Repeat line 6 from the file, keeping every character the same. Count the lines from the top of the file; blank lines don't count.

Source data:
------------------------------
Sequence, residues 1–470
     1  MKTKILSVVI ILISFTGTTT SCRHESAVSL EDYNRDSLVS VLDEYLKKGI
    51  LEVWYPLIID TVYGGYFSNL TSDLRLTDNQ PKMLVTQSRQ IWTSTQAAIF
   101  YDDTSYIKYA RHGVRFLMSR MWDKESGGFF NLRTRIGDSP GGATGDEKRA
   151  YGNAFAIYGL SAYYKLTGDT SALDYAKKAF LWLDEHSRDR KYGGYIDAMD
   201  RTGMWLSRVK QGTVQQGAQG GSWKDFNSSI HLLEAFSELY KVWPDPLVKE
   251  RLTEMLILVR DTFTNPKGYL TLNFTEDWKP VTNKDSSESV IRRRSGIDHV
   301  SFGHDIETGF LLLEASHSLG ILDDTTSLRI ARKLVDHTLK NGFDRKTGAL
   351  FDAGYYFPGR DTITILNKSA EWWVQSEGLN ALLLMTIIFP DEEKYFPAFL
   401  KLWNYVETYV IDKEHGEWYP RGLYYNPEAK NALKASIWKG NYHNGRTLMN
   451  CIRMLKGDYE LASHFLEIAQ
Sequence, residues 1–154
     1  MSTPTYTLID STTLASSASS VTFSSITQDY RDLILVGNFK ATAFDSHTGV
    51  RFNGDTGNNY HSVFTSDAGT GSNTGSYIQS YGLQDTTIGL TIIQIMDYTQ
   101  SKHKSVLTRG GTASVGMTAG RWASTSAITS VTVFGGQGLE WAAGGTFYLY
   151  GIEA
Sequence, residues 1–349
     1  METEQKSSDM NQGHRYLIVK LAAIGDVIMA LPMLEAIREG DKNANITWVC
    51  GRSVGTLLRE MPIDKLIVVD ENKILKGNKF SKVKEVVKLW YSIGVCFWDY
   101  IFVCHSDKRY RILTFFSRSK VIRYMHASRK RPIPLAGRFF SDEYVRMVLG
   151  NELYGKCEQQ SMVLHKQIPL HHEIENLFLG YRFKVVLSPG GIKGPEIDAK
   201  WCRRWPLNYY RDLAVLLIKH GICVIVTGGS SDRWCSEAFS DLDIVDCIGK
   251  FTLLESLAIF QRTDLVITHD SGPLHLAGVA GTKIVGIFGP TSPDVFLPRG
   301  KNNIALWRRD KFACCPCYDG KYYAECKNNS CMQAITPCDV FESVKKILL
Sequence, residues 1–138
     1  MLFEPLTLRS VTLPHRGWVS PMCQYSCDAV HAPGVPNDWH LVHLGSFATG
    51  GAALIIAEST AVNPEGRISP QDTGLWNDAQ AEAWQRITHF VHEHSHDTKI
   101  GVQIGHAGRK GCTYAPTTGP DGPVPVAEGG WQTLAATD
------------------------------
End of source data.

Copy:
   201  RTGMWLSRVK QGTVQQGAQG GSWKDFNSSI HLLEAFSELY KVWPDPLVKE